Canyon sediment gushes out on Pacific Highway near Solar.
A Bankers Hill volunteer group – along with San Diego Canyonlands – has lined up a $2 million federal grant for work in Maple Canyon to stabilize and restore it – and to prevent tons of sediment from streaming down hill into Solar Turbines and jamming neighborhood storm drains as it goes.
The work has never been more urgent. In the past two weeks, new sinkholes and bluff collapses followed the rainy winter as stormwater came from above the canyon. It’s a cheap solution for the city, and they’re not taking it. Instead, project managers within the Stormwater and Transportation Division are claiming the nonprofit’s plan as their own and plan to pursue up to $50 million in funding – starting with the $2 million grant that Friends of Maple Canyon and Tershia D’Elgin worked for four years to put together.
It’s not a sure thing that the city could even get the $2 million from the U.S. Economic Development Administration. “All we need is for the city to sign off on our project – all the other agencies support it,” says Tershia D’Elgin, who has worked on the canyon for four years. “What they’re doing now puts our funding at risk and it means the erosion damage will continue until they put together their own grant application. That’s bad for us, for the people downhill and terrible for the canyon.”
Maple Canyon is a little slice of deep green and quiet that curves low from Maple Street just west of State, to Third Avenue between Quince and Redwood, including going under the First Avenue and Quince Street bridges. It is surrounded on high by homes and office buildings, and is owned by the city – a gift from CalTrans that originally planned to use it for a spur off the 163.
Its drainage is problematic; water rushes in from high above, picks up filth and pushes it through the neighborhood, jamming up drains and then flowing downhill where it makes a path under Solar Turbines, across Pacific Highway and to the bay. It eats away at and reshapes the canyon. Ancient drainage pipes that would be illegal today create water chutes that carve signatures throughout the canyon.
Areas stripped of plants are erosion hot spots, says Eric Bowlby, the executive director of Canyonlands. “Delay in stabilizing Maple Canyon’s creek will have a dangerous domino effect,” he wrote in an email response. “The unchecked stormwater flows will cause erosion of the stream banks and sediment will flow through the streets into downstream storm drain pipes,” he wrote in an email response. “In addition to muddy, slippery streets, tis flooding has resulted in stoppage of traffic on Pacific Coast Highway.”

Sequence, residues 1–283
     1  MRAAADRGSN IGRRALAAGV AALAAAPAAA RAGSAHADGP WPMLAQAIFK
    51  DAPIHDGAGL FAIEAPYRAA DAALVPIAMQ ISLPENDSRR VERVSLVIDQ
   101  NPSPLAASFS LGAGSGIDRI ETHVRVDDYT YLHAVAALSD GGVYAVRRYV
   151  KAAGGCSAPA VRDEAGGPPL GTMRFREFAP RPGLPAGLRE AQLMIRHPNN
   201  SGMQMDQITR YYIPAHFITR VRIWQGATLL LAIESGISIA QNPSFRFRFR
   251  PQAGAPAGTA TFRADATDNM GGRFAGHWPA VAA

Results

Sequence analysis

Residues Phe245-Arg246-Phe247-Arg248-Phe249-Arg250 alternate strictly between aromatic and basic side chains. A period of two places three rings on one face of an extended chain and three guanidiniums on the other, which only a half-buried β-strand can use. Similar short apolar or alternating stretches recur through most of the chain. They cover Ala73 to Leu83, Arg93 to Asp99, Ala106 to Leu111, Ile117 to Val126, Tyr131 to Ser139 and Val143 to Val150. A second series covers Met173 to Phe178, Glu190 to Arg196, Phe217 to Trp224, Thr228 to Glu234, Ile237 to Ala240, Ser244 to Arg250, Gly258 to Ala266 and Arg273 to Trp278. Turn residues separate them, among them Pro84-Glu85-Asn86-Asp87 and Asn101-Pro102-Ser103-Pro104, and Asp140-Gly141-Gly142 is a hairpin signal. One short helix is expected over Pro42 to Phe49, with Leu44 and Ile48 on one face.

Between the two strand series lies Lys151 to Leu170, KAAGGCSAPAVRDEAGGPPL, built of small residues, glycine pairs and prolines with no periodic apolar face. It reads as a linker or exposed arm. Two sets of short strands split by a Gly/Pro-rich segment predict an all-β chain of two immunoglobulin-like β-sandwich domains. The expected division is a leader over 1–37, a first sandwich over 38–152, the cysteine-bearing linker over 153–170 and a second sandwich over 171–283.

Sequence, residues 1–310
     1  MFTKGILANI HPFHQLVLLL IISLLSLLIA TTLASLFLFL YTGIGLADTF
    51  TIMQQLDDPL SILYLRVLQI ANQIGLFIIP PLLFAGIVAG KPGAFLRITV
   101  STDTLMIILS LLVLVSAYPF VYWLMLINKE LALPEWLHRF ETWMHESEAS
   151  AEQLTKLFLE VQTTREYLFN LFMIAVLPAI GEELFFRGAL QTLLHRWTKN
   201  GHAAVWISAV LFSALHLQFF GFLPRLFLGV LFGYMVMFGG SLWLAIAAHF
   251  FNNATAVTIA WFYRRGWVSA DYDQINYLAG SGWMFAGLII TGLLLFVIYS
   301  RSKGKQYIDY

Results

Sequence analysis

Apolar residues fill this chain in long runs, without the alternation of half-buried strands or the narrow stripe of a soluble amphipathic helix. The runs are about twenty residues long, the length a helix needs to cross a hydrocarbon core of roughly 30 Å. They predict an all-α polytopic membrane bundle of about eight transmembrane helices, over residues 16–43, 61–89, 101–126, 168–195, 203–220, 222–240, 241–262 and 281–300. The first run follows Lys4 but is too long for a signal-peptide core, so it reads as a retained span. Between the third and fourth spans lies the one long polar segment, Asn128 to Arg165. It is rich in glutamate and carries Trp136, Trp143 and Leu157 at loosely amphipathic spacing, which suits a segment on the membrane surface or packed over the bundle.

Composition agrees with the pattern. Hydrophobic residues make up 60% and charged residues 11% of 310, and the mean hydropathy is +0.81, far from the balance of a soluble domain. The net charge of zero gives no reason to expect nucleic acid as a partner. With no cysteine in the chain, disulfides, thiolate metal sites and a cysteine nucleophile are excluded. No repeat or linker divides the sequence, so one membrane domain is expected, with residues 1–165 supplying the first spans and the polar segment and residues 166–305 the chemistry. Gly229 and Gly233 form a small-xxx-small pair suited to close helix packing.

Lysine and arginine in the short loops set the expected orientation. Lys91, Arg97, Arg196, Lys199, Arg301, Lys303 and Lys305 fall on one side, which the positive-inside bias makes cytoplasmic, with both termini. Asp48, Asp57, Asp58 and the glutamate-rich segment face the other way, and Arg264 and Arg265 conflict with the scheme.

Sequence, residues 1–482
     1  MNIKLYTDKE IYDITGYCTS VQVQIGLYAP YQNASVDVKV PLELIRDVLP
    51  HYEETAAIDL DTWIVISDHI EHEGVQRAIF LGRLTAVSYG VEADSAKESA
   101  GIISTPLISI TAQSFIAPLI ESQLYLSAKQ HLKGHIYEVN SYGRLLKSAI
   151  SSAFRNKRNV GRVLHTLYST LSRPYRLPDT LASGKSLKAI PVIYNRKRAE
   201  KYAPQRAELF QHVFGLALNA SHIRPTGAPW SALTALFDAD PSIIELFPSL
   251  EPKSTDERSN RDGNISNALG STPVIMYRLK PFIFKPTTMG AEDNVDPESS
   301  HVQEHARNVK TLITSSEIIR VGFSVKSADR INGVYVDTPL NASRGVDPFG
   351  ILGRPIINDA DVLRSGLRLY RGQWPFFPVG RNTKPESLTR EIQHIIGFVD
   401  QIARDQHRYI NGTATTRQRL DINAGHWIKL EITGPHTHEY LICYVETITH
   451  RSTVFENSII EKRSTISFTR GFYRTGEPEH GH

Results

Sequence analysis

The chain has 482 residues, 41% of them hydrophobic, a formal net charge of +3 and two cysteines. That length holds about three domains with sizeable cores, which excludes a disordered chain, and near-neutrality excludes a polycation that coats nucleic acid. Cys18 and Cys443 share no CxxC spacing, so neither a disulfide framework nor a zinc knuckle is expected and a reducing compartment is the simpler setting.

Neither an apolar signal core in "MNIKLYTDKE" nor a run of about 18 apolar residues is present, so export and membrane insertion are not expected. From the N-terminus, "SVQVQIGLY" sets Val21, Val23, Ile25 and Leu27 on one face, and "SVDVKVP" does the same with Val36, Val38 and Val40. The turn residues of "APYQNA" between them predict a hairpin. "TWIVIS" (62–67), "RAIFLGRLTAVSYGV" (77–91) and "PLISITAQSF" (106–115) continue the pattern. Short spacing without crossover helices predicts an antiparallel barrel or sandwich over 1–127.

The city’s efforts in the canyon have been largely botched by the lack of a comprehensive plan. An asphalt overlay put in a year ago is already crumbling and undermined by the streaming water. But for the city, which relies on conventional approaches that start with grading – moving huge amounts of soil – projects can cost tens of millions and require California Environmental Quality Act review, which can take years.
That’s the beauty of the volunteers’ plan with Canyonlands: the group worked hard to come up with an innovative plan that requires no grading. The state’s Regional Water Quality Control Board and the Army Corps of Engineers are ready to sign off on the permits – but they all need the city’s blessing.
“We worked with the city for four years on this, their input informed the design and we worked well together,” D’Elgin says. “And then they get a new person, and she decides to take our plan for the city, tank the funding and start looking for so much more money to do it with a plan they don’t have yet.” D’Elgin worked with an engineer and soil hydrologist who donated their time to come up with an approach that innovates on the standard grade and plant method. Their grant includes five years of hands-on maintenance and support after the work is finished, D’Elgin says.
“Nobody believed we could come up with a plan that doesn’t include grading and will work; they called it a moonshot,” D’Elgin says. “Now the agencies agree we can do this without grading and the plan has the potential to change the way this kind of restoration is done.”
Bowlby applauds the innovative approach that avoids grading – risky when rain will continue to move the soil – and comes with five years of maintenance. Many urban canyons are besieged by stormwater from homes and buildings above the rim, and stormwater rushing into dirt bottom urban canyons commonly cuts deep gullies because there’s no vegetation there to slow it and absorb the energy, the silt and the water.
“Restoring our canyons’ natural functions would not only reduce pollutants that wind up closing our beaches after every rain, it would reduce downstream flooding. Native vegetation is also the most efficient method we have to mitigate climate change.”
Chiara Clemente, a senior environmental scientist with the San Diego Regional Quality Control Board, confirmed that the water board is fully behind the $2 million grant plan. The water board has twice let the city know that it stands ready to issue the permit – the bureaucratic version of nudging things forward. Similarly, the Army Corps says the plan meets their requirements and they’re ready to give permission once the city signs off. But the money from the US Economic Development Administration’s disaster recovery fund is first-come, first-served and this year’s funding is going fast. With new gouges and slides in the canyon, getting started now seems like a no-brainer.